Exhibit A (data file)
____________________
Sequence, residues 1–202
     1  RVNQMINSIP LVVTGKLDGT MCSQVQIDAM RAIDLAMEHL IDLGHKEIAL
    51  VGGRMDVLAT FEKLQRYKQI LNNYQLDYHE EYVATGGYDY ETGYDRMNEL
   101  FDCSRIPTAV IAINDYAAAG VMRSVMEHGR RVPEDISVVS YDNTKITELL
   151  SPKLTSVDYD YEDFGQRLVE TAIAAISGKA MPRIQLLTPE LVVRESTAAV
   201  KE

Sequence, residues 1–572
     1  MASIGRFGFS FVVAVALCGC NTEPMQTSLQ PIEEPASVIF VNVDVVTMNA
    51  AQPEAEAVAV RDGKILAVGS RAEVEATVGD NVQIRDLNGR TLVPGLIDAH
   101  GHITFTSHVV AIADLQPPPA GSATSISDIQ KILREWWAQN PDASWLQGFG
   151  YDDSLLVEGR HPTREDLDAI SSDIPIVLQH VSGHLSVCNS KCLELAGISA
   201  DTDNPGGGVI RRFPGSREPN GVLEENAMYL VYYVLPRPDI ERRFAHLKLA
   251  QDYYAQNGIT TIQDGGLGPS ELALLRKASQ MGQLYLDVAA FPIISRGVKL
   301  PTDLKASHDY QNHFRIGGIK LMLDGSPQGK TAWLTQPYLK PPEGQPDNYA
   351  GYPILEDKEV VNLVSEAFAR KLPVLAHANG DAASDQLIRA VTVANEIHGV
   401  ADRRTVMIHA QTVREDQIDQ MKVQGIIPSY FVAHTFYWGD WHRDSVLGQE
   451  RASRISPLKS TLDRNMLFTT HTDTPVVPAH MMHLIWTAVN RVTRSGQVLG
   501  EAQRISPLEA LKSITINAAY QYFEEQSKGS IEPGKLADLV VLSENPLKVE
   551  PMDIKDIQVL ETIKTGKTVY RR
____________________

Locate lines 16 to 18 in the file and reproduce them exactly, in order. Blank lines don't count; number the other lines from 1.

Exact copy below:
   401  ADRRTVMIHA QTVREDQIDQ MKVQGIIPSY FVAHTFYWGD WHRDSVLGQE
   451  RASRISPLKS TLDRNMLFTT HTDTPVVPAH MMHLIWTAVN RVTRSGQVLG
   501  EAQRISPLEA LKSITINAAY QYFEEQSKGS IEPGKLADLV VLSENPLKVE